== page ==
Within mountain regions, species richness decreases

with increasing elevation, but endemism ong>ofong>ten

increases, due partly to topographic isolation (Körner

2004; Salick et al. 2004). ong>Theong> Greater ong>Himalayasong> exhibit

both paleoendemism—the survival ong>ofong> evolutionary

relict flora—and neoendemism—more-recent speciation


Xu et al. 525

originating in the late Tertiary due to the rise ong>ofong> the

mountains (Wu et al. 2007). Several studies predict that

warming will cause significant declines in biodiversity

across a wide variety ong>ofong> alpine habitats in the Greater

ong>Himalayasong>, including tundra and rangelands (Klein et al.

2004; Walker et al. 2006). With their limited geographic

range, endemic species are particularly susceptible to climate

change (Salick et al. 2009). In general, alpine plant

communities will likely increase in height and cover and

decrease in species diversity and evenness in a nonlinear

response to global warming (Luo et al. 2004).

ong>Theong> ability ong>ofong> species to respond to climate change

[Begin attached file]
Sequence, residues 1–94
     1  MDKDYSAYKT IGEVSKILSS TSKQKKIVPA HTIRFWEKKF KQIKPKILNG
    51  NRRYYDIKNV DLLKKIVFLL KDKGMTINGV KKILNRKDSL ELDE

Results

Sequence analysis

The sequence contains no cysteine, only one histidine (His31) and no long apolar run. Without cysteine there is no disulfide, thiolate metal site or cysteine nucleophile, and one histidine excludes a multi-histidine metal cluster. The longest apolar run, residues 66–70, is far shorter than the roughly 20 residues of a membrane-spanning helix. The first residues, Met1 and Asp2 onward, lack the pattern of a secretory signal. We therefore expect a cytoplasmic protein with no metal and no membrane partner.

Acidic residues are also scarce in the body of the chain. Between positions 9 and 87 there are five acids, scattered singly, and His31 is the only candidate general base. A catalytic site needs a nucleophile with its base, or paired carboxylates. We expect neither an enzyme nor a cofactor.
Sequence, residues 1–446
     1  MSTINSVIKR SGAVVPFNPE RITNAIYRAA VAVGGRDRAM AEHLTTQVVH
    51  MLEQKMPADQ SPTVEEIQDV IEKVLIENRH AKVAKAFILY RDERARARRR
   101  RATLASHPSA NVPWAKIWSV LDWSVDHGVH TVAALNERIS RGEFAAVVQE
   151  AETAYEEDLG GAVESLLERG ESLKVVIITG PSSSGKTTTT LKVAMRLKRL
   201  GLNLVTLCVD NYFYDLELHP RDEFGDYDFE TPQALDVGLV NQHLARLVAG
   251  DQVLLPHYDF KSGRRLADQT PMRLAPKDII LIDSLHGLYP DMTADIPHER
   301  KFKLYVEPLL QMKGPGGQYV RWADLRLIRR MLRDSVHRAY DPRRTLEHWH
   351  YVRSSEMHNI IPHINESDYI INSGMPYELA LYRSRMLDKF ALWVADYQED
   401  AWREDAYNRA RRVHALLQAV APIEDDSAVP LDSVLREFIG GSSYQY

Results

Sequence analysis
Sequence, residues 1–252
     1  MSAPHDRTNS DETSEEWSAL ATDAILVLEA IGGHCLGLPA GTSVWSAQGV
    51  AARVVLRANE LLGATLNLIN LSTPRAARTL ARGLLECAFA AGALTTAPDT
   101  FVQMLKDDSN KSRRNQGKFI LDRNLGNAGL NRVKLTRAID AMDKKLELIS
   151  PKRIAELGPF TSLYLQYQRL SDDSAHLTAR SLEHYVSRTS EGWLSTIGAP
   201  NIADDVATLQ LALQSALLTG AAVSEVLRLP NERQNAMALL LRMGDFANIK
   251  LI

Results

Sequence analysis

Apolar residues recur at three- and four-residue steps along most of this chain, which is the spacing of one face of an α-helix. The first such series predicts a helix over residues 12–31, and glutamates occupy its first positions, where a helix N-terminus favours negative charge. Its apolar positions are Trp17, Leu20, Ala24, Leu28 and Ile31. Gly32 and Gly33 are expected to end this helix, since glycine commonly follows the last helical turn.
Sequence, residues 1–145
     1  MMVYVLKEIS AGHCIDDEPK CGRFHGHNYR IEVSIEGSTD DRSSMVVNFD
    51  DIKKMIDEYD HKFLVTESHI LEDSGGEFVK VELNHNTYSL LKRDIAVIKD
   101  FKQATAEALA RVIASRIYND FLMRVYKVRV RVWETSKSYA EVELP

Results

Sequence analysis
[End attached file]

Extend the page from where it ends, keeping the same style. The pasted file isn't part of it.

depends on their being able to “track” shifting climatic

zones and colonize new territory or to adapt their physiology

and seasonal behavior to changing conditions (Menzel

et al. 2006). Existing species appear, however, to shift

their geographical distributions as though tracking the

changing climate, rather than remaining stationary and

evolving new forms (Grace et al. 2002; Holtmeier & Broll

2005; Parmesan 2006). Along elevational gradients, the

niches for shifting species may decrease in size (Körner

2007). ong>Theong> climatic, orographic, and geological barriers

ong>ofong> the Greater ong>Himalayasong> may also prevent migration ong>ofong>

species along latitudinal gradients.

Shifting Tree Lines

In montane ecosystems it has been projected that a 1◦C increase in mean annual temperature will result in a shift